After the venerable squat, the lunge just may be the most popular leg exercise of all. This time-tested unilateral movement can help increase leg strength and flexibility. The lunge is versatile. Add motion with a medicine ball and the benefits multiply exponentially, working core muscles and improving balance.
Step 1: Start with a good stance: Spine tall, shoulders held back and down, core engaged and feet planted firmly. In addition, loosely hold a medium-weight dumbbell in each hand with arms at sides, or hold a medium-weight medicine ball at chest height with arms almost fully extended.
Step 2: Take a longer-than-usual step with the right leg, bending both knees. When right thigh is parallel to the floor, push off the right heel and step forward with the left leg. Continue “walking” until an equal number of steps are performed, then turn around to lunge walk back to the starting point.
*To twist: Step and hold the lunge position with the right leg, then rotate the torso and the medicine ball to the right—using the core muscles as the primary mover. Return the ball back to center and step into the next lunge with the opposite leg, rotating the ball to the left. By performing lunges in motion with the added component of a medicine ball twist, overall symmetry and balance are enhanced while the core and upper body are exercised.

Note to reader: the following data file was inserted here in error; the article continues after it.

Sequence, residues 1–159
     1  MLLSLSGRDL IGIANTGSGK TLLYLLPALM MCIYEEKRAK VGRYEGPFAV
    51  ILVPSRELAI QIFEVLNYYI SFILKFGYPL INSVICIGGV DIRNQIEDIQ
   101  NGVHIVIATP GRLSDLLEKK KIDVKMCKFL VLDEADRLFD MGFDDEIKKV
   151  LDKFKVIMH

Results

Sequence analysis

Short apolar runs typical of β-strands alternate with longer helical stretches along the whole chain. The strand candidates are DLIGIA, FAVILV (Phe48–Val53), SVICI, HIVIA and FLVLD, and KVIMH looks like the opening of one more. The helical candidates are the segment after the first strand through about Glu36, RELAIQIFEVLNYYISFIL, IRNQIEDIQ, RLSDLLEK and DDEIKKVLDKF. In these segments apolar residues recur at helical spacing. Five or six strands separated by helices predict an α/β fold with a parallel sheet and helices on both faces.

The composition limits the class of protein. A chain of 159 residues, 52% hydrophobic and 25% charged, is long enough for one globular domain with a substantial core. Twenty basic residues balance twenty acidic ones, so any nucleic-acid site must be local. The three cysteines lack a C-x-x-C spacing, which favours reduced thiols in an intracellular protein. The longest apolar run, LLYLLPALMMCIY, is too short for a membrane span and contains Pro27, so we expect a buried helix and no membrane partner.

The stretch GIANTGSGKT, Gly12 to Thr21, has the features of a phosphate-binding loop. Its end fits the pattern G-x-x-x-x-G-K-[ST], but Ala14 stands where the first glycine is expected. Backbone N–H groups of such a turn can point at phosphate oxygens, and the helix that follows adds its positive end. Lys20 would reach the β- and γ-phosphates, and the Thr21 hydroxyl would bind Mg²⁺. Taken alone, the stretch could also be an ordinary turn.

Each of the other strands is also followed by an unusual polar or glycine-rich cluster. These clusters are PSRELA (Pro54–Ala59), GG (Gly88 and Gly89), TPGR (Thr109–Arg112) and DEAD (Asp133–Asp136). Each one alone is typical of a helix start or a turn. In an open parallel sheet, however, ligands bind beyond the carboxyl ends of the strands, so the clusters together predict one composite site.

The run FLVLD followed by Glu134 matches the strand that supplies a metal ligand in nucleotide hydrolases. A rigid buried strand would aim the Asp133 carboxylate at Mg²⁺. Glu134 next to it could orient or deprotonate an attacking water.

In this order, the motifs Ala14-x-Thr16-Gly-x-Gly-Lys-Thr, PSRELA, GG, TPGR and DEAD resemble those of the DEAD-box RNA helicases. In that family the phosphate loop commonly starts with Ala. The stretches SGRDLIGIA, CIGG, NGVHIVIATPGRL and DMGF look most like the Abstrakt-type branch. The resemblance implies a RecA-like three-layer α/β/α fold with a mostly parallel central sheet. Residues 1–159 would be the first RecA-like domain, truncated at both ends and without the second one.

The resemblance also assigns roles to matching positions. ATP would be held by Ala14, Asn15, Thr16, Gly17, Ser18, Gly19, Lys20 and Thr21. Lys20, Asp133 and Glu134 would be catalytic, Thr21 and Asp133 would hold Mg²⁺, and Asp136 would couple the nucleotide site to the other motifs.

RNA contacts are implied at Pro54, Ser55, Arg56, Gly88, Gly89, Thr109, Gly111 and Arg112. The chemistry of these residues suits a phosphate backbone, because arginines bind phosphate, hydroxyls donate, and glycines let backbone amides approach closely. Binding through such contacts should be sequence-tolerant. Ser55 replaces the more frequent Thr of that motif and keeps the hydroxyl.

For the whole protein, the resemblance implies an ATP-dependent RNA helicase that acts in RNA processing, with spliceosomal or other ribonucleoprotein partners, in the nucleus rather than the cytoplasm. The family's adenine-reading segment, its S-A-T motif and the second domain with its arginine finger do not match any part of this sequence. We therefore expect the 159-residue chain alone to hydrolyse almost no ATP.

• Bear weight on the front heel when pushing off
• Always keep toes pointed forward
• Don’t allow the front knee to extend past toes
The advice presented above is not meant for anyone with contraindicated health problems. Please consult a medical or fitness professional.
The first medicine balls were bladders filled with sand used by Persian wrestlers some 3,000 years ago.